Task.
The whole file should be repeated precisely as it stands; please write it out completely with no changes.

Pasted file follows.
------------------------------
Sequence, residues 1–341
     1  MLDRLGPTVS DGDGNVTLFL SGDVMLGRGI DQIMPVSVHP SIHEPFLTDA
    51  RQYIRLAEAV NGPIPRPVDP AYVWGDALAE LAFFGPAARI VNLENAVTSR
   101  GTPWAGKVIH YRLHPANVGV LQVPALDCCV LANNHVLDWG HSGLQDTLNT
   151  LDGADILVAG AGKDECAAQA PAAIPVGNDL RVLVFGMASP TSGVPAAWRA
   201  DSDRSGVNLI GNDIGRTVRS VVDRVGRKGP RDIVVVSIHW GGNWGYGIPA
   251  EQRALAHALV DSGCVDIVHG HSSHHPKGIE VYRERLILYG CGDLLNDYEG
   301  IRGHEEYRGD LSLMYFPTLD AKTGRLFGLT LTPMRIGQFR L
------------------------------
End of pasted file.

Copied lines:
Sequence, residues 1–341
     1  MLDRLGPTVS DGDGNVTLFL SGDVMLGRGI DQIMPVSVHP SIHEPFLTDA
    51  RQYIRLAEAV NGPIPRPVDP AYVWGDALAE LAFFGPAARI VNLENAVTSR
   101  GTPWAGKVIH YRLHPANVGV LQVPALDCCV LANNHVLDWG HSGLQDTLNT
   151  LDGADILVAG AGKDECAAQA PAAIPVGNDL RVLVFGMASP TSGVPAAWRA
   201  DSDRSGVNLI GNDIGRTVRS VVDRVGRKGP RDIVVVSIHW GGNWGYGIPA
   251  EQRALAHALV DSGCVDIVHG HSSHHPKGIE VYRERLILYG CGDLLNDYEG
   301  IRGHEEYRGD LSLMYFPTLD AKTGRLFGLT LTPMRIGQFR L